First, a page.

Vermont: Second Senate Committee Passes Bill to Decriminalize Psilocybin Mushrooms

Legislation to decriminalize the possession and distribution of psilocybin mushrooms has been given approval by a second Senate committee and will soon be considered by the full chamber.

Dried psilocybin mushrooms.

Senate Bill 114 has been given approval by the Senate Appropriations Committee, just days after it was passed by the Senate Committee on Health and Welfare. Filed by Senator Martine Gulick along with eight cosponsors, the measure would “remove criminal penalties for possessing, dispensing, or selling psilocybin”. while establishing a Psychedelic Therapy Advisory Working Group.

According to its official legislative summary, this bill “proposes to make findings regarding the therapeutic benefits of psilocybin, to remove criminal penalties for possession of psilocybin; and to establish the Psychedelic Therapy Advisory Working Group to examine the use of psychedelics to improve physical and mental health and to make recommendations regarding the establishment of a State program similar to Connecticut, Colorado, or Oregon to permit health care providers to administer psychedelics in a therapeutic setting.”

The text of the bill states that “A Johns Hopkins study published in 2022 demonstrated substantial antidepressant effects of psilocybin-assisted therapy for at least 12 months following acute intervention in some patients, with no reported  adverse effects or continued use of psilocybin by patients outside the context of the study.”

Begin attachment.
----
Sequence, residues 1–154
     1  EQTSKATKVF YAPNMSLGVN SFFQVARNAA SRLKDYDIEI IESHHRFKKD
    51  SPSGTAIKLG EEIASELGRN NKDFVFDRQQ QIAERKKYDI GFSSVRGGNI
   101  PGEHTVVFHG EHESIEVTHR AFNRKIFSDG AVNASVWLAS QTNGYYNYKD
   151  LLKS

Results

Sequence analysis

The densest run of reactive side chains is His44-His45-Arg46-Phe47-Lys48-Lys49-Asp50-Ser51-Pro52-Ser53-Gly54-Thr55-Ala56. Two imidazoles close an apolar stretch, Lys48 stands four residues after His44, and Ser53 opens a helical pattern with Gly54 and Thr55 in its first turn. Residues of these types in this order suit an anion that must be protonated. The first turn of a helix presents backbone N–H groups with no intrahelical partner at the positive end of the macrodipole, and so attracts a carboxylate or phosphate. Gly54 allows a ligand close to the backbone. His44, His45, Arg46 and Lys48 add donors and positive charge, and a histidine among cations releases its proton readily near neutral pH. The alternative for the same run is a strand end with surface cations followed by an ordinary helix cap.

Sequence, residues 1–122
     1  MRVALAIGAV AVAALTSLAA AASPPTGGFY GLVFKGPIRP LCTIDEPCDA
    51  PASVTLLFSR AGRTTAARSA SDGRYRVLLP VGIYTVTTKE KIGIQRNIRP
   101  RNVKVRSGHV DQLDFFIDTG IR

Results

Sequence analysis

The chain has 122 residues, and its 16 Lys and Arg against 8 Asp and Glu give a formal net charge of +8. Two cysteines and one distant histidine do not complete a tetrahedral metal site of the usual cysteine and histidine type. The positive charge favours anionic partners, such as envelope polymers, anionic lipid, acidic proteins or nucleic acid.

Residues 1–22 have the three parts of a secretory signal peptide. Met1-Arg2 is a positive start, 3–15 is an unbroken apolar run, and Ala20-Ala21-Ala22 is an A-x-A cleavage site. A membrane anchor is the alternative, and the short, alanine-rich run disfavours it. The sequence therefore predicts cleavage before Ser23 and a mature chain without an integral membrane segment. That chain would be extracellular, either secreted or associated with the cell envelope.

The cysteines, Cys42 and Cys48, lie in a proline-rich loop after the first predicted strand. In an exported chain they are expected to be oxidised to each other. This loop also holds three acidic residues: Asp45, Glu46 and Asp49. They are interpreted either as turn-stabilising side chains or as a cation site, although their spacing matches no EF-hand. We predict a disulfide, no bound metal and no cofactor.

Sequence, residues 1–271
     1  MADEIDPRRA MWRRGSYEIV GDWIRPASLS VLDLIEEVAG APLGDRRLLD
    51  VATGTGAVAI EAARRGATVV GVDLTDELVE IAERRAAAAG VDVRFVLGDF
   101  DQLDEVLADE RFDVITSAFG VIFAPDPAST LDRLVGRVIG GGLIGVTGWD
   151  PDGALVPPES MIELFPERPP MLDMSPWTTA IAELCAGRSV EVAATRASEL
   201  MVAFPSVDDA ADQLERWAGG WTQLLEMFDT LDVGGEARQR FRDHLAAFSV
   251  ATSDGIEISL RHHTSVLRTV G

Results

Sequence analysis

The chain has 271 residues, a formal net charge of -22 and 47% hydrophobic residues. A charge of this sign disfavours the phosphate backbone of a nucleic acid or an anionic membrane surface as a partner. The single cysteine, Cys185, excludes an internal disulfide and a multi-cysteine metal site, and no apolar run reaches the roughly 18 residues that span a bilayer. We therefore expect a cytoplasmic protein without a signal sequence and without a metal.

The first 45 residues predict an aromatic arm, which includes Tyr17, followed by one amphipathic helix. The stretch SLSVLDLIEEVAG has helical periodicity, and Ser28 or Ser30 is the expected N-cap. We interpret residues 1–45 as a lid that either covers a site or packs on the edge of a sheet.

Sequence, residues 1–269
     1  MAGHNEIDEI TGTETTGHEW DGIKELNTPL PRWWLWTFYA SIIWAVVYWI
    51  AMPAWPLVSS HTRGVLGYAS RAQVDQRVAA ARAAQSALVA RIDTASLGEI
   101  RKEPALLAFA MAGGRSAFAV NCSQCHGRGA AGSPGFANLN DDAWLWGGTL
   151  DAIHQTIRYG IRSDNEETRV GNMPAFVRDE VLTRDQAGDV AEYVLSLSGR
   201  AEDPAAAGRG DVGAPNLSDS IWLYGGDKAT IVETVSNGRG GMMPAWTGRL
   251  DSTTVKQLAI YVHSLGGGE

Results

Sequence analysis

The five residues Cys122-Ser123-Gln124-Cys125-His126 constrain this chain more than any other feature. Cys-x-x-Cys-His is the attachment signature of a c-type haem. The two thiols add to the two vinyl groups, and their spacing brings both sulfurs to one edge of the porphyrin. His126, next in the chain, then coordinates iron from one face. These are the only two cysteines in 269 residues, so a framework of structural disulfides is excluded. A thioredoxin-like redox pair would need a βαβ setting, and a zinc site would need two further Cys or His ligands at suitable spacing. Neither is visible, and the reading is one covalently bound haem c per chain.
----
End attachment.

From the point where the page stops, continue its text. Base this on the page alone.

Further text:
The measure also makes note of “A study published in 2022 in the Journal of American Medical Association Psychiatry on the therapeutic effects of psychedelics”, which “found that psilocybin combined with psychotherapy resulted in an 83 percent reduction in heavy drinking among patients with alcohol use disorder.”

Senate Bill 114 will soon be up for consideration by the full Senate. If passed by the Senate, it will be sent to the House of Representatives for Consideration. Passage through the House would put the measure before Governor Phil Scott.

The bill’s full text can be found by clicking here.

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